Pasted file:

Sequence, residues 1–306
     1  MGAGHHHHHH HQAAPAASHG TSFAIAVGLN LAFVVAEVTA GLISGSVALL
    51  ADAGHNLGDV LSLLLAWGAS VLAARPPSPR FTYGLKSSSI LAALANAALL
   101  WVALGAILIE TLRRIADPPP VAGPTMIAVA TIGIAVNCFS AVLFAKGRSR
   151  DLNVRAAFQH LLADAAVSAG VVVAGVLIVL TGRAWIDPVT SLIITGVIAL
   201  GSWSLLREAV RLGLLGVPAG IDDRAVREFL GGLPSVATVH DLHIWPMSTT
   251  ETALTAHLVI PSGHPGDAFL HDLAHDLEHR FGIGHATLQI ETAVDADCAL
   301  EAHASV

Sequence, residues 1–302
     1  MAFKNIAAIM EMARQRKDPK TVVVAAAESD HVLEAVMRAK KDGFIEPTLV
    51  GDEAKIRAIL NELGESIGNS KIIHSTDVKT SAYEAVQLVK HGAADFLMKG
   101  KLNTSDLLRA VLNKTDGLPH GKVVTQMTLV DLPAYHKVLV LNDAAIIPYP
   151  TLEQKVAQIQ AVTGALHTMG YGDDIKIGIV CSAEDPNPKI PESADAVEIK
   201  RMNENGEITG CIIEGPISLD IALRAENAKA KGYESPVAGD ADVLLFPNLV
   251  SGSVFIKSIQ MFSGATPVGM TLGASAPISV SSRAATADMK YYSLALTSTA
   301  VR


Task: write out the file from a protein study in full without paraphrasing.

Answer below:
Sequence, residues 1–306
     1  MGAGHHHHHH HQAAPAASHG TSFAIAVGLN LAFVVAEVTA GLISGSVALL
    51  ADAGHNLGDV LSLLLAWGAS VLAARPPSPR FTYGLKSSSI LAALANAALL
   101  WVALGAILIE TLRRIADPPP VAGPTMIAVA TIGIAVNCFS AVLFAKGRSR
   151  DLNVRAAFQH LLADAAVSAG VVVAGVLIVL TGRAWIDPVT SLIITGVIAL
   201  GSWSLLREAV RLGLLGVPAG IDDRAVREFL GGLPSVATVH DLHIWPMSTT
   251  ETALTAHLVI PSGHPGDAFL HDLAHDLEHR FGIGHATLQI ETAVDADCAL
   301  EAHASV

Sequence, residues 1–302
     1  MAFKNIAAIM EMARQRKDPK TVVVAAAESD HVLEAVMRAK KDGFIEPTLV
    51  GDEAKIRAIL NELGESIGNS KIIHSTDVKT SAYEAVQLVK HGAADFLMKG
   101  KLNTSDLLRA VLNKTDGLPH GKVVTQMTLV DLPAYHKVLV LNDAAIIPYP
   151  TLEQKVAQIQ AVTGALHTMG YGDDIKIGIV CSAEDPNPKI PESADAVEIK
   201  RMNENGEITG CIIEGPISLD IALRAENAKA KGYESPVAGD ADVLLFPNLV
   251  SGSVFIKSIQ MFSGATPVGM TLGASAPISV SSRAATADMK YYSLALTSTA
   301  VR